In Committee my right hon. Friend explained that if farm buildings and farm land were not excluded from these arrangements acquiring authorities might find themselves obliged to buy very large farms—I believe an instance was given of a farm of over 1.000 acres—just because a small area of the farm was required for public purposes. It was said that this would impose an intolerable burden upon the acquiring authority. Of course it would, in those circumstances, but there is no intention of excluding farms or any other form of property from the obligation to show that every effort has been made by the owner to sell the farm, or whatever the holding may be, but that he has not been able to do so except at a price substantially lower than might have reasonably been expected.

That would clearly not apply to a very large farm of which only a small area was required, perhaps for a cemetery or a similar purpose. The owner would not be left with something which was unsaleable; he would be left with the rest of the farm, and farms are in great demand nowadays. If only a small area were required there would be no difficulty about his selling the remainder, and he could not possibly qualify under the terms of the Clause.

I am sorry that I have spoken after the Minister, but it is right that these matters should be deployed. Arrangements on the lines suggested by my hon. Friend and I have the support of such bodies as the Royal Institution of Chartered Surveyors, which points out that the Clause, as drafted, does not apply to occupiers of properties used for business or agriculture, and urges that the Clause should be extended to cover such cases, since, as it points out, equal hardship may be occasioned. It also has the support of the Incorporated Society of Auctioneers and Landed Property Agents, which urges that the owner-occupiers of any land designated for compulsory acquisition should be able to require the designating authority to buy his interest or release the land from designation. That is further than some of us would go, but it is supported in principle by other bodies, to mention only a few, by the National Farmers' Union, the National Federation of Property Owners and the Retail Distributors' Association.

My right hon. Friend, perhaps a little unjustly, chided us for not having brought forward a workable Amendment. As a result of what he then said we have tried to frame an Amendment which would help the farmer or small business man, and although my right hon. Friend does not like the way in which we have done it, I hope that he will not shut his mind to the possibility, or prevent his Departmental officials, between now and the concluding stages of the Bill, from trying to deal with these difficult cases.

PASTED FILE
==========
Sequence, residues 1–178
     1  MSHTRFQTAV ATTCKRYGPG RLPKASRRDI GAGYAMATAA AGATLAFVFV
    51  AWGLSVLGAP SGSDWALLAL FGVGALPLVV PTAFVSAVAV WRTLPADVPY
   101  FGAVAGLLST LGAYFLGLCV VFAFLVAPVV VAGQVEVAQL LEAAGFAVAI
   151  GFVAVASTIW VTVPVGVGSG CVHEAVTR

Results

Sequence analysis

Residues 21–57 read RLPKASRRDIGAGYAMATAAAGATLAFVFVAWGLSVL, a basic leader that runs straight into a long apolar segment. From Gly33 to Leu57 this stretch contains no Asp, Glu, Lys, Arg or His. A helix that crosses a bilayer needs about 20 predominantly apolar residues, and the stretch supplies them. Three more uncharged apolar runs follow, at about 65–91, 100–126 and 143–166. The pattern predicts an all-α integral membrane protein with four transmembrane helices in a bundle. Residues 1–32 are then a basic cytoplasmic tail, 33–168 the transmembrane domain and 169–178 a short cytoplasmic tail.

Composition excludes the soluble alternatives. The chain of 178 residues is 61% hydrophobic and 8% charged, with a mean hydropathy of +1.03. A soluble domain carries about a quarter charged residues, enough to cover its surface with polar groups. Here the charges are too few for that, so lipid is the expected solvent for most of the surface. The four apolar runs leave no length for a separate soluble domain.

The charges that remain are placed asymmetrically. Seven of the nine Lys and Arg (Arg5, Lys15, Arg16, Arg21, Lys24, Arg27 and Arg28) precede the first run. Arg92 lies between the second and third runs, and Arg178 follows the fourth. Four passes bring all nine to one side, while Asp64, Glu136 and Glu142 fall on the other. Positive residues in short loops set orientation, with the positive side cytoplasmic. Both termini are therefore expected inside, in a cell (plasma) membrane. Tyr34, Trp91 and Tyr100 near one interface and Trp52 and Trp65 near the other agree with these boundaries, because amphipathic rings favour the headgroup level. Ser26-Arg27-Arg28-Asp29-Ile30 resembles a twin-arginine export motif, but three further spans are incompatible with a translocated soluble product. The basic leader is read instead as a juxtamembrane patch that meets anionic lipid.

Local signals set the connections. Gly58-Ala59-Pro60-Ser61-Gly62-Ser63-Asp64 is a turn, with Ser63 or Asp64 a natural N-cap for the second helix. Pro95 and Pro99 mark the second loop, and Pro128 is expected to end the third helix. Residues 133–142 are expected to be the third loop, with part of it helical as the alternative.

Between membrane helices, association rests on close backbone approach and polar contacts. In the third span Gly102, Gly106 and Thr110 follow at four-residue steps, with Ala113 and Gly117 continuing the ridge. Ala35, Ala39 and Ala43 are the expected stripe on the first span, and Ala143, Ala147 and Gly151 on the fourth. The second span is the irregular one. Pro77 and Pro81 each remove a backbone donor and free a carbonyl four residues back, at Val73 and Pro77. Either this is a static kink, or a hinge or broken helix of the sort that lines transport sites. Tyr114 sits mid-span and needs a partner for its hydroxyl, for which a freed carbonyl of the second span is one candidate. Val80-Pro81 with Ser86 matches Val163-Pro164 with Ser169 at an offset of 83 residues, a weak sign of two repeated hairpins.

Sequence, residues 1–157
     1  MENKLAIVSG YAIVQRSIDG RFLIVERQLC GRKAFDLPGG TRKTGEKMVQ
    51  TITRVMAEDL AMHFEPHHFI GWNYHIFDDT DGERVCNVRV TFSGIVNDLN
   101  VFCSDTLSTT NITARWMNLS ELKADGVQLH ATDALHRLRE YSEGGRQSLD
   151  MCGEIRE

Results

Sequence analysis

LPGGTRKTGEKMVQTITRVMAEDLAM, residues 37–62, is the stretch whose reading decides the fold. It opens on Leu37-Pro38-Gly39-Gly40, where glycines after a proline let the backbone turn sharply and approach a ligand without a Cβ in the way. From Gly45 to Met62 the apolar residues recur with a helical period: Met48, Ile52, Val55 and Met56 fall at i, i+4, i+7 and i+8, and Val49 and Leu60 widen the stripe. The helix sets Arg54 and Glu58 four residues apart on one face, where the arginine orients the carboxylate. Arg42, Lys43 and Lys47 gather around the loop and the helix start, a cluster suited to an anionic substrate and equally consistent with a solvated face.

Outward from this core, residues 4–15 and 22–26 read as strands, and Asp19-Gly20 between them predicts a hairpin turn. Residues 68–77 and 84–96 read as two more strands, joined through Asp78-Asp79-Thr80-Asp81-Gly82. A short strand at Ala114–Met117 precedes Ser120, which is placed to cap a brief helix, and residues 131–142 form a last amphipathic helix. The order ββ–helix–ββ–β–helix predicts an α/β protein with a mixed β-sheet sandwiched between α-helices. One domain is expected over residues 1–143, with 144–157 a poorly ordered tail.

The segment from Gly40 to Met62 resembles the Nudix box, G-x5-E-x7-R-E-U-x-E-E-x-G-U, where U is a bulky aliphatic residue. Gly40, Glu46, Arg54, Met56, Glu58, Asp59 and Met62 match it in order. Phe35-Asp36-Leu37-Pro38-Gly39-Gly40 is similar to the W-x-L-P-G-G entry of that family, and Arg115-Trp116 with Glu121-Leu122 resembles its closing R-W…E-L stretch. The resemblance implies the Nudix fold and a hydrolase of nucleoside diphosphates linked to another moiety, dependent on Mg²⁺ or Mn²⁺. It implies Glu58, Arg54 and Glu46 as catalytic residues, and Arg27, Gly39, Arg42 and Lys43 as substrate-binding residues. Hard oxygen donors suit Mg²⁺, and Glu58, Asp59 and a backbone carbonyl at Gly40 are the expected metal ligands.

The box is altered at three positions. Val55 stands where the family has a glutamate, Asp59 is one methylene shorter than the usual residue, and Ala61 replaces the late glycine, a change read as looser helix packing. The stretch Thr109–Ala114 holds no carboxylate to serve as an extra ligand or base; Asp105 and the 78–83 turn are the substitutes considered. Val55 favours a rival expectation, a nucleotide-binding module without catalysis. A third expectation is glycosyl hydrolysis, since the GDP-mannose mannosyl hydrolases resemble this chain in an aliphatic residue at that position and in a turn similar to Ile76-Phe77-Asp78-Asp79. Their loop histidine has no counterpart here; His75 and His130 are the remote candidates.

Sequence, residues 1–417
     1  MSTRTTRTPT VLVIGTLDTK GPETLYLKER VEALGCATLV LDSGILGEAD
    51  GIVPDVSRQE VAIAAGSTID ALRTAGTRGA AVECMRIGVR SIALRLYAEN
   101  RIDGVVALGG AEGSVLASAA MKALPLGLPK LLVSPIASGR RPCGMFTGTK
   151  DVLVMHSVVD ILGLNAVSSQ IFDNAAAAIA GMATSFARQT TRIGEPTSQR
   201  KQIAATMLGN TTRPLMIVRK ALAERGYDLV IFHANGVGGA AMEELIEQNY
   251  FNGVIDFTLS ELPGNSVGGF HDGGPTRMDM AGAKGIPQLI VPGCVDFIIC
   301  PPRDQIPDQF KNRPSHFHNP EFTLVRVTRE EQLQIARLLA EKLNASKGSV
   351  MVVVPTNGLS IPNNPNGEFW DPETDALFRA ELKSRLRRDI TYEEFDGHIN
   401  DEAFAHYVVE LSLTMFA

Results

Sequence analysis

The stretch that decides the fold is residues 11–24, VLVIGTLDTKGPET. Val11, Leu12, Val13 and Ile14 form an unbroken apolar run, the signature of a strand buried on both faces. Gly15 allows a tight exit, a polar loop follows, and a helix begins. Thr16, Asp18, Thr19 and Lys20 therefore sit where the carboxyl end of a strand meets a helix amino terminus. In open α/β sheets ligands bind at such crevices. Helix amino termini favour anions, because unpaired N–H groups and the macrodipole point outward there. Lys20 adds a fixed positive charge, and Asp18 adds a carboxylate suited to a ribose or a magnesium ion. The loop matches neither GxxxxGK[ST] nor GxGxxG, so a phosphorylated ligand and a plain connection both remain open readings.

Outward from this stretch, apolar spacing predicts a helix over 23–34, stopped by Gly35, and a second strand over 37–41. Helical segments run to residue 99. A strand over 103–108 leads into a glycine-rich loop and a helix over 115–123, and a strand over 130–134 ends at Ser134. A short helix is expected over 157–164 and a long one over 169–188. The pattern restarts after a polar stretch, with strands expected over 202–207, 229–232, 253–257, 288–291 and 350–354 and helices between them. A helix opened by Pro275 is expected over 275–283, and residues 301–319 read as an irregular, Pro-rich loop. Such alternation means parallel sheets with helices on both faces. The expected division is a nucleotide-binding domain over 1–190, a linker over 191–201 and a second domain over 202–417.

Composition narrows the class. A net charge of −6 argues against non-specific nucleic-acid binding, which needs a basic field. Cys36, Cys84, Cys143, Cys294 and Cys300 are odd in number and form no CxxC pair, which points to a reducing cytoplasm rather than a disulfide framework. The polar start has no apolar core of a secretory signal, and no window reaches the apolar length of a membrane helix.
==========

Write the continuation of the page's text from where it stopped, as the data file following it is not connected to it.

Mr. Brooke

My hon. Friend may like me to reply immediately. The kind of case which he has mentioned is the kind to which a solution should be found, and if he will let me have further particulars I will most gladly look into the matter. I shall see whether the local authority concerned is willing to purchase in advance. It seems unreasonable that a long-standing blight should fall upon a farm of that character, and I would hope that, either by statutory provision or by the local authority exercising its discretion, the blight could be lifted.

I am sure that my hon. Friend will appreciate that there may be a difference between the kind of case which my hon. Friend the Member for Aldershot (Sir E. Errington) seemed to have in mind—the case of the lock-up shop—and the kind of case where a road is likely to cut off one corner of a very large farm. It may be damaging to the farm, and the farmer would certainly deserve compensation for that; but it would not necessarily prevent his continuing to operate the farm as an economic unit. I think there is a clear distinction between the large farm which is only slightly affected by proposed public development, and the small lock-up shop where the man may suffer very serious financial hardship if he can do nothing about it.

10.0 p.m.

I should like to look into all this further, and, indeed, perhaps both sides of the Committee would desire that I should. If there is any practical Amendment, I would hope that the rules governing the procedure of the two Houses would permit it to be made with propriety in another place. I am not saying that we can find any better line of demarcation than is in the Bill at present, but I do say that I retain an open mind about it, and that if my hon. Friend the Member for Aldershot is willing to withdraw this Amendment, I will go on thinking and the Government will go on thinking; and I hope that all those concerned will be ready to make any further suggestions they may have.

Sir E. Errington

In view of what my right hon. Friend has undertaken, I beg to ask leave to withdraw the Amendment.

Amendment, by leave, withdrawn.

Amendments made: In page 48, line 27, leave out from "allocated" to first "of" in line 29 and insert: defined or indicated as mentioned in any of paragraphs (a) to (c)

In line 32, leave out "or defined" and insert "defined or indicated".

In line 40, at end insert: (d) in relation to land falling within paragraph (e) of subsection (1) of this section, means the date of the passing of the resolution by virtue of which it falls within that paragraph.

In line 45, leave out "(d)" and insert (e)".

In line 45, leave out from "section" to "proposed" in line 1 on page 49 and insert: the land is liable to be acquired or is indicated as being".

In page 49, line 5, leave out "(d)" and insert "(e)".—[Mr. Hay.]

Clause, as amended, ordered to stand part of the Bill.